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5 from 2 votes

Blutnudeln or Italian Pork Blood Pasta

This is a noodle made on both sides of the Alps, although this is the Italian version. I’ve seen some Austrian versions of blood pasta where they’ve added finely minced fennel fronds to the pasta dough, which I think would be pretty cool. Use your own taste as a guide. You can get pork or beef blood from ethnic markets, especially Asian markets. A good butcher or local producer at your farmer’s market is even better. Do use the rye flour in this recipe, as it creates a more rustic flavor. The traditional sauce would be browned butter, sage and a grated cheese. I went with a more Mediterranean sauce, however.
Prep Time1 hr
Cook Time20 mins
Total Time1 hr 20 mins
Course: Pasta
Cuisine: Italian
Servings: 6 people
Author: Hank Shaw

Ingredients

  • 5 ounces rye flour
  • 5 ounces Italian oo or regular all-purpose flour
  • 1 egg
  • A pinch of salt
  • 2 3/4 ounces pork blood
  • 4 tablespoons unsalted butter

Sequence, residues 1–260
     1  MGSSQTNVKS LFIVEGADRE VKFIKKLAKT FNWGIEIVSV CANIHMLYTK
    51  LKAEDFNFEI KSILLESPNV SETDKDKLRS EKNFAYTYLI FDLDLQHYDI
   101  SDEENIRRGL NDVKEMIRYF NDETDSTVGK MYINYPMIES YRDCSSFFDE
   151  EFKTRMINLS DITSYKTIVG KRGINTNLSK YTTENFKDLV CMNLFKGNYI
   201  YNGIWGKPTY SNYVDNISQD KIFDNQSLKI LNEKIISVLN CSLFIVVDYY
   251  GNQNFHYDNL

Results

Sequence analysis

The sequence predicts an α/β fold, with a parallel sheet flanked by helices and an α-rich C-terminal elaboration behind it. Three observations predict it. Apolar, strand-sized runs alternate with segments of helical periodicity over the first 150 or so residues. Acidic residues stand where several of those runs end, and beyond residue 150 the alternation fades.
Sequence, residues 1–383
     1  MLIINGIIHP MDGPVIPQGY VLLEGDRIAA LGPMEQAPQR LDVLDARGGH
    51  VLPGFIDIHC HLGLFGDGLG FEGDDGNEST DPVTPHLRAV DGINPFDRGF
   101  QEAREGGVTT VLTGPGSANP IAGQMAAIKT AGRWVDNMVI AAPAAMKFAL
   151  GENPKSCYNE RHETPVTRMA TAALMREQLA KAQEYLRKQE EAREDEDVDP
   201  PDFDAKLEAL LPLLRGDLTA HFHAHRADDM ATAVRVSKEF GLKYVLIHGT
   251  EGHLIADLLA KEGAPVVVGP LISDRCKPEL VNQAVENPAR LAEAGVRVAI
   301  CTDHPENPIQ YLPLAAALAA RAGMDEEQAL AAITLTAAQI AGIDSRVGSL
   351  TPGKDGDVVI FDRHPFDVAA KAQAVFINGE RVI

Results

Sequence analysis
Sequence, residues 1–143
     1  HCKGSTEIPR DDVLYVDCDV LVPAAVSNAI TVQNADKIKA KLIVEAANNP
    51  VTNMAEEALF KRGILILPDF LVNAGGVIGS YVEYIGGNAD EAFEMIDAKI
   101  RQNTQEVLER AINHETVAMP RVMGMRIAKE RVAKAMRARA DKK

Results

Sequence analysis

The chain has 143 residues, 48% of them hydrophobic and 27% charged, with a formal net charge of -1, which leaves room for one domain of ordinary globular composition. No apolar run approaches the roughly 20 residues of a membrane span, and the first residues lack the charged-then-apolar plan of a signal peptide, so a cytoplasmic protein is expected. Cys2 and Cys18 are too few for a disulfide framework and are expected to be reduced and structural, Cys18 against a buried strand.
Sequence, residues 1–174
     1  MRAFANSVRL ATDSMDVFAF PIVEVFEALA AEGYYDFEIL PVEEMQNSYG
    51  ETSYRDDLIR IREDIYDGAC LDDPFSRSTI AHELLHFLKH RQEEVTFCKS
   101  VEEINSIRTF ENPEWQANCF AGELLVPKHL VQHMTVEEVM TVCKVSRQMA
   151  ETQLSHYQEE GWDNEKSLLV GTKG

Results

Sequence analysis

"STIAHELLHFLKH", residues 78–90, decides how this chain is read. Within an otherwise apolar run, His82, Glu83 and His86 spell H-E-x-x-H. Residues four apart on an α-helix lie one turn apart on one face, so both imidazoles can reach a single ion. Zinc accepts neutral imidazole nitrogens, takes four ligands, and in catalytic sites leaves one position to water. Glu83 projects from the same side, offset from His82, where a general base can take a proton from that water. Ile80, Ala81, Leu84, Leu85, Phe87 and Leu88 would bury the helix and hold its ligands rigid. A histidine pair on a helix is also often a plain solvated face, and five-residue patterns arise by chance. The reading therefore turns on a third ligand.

• 1 tablespoon fresh sage, finely sliced
  • 1/3 cup blood orange juice
  • Salt
  • Grated blood orange zest and pecorino cheese for garnish

Instructions

  • To make the pasta, whisk together the two flours and salt in a large bowl. Make a well in the center of the flour and crack the egg into it. Pour in the blood and stir everything together with a fork.
  • When the dough is a shaggy mass, begin to knead it in the bowl. It will be sticky at first, but will smooth out as you knead, first in the bowl, and then on a floured work surface. Knead for 5 minutes.
  • Wrap the dough in plastic wrap and set at room temperature for 2 hours, or in the fridge up to 1 day.
  • Roll out the dough into 3/8-inch flat noodles that are not too thin. I use No. 6 on my Atlas (No. 9 is the thinnest). Set aside to dry.
  • To make the sauce, reduce the orange juice by half, turn off the heat and add salt to taste. Set aside.
  • Bring a large pot of salty water — the water should taste like the ocean — to a boil. When it boils, melt the butter in a large saute pan over medium-high heat and fry the sage. Add the pasta to the boiling water.
  • By the time the pasta is floating, the sage will be nicely fried. Add the orange juice mixture to the butter and sage.
  • Allow the pasta to cook 1-2 minutes after it begins to float, then transfer it to the pan with the sauce. Sprinkle some salt over everything and toss to combine. Serve at once with the orange zest and grated cheese.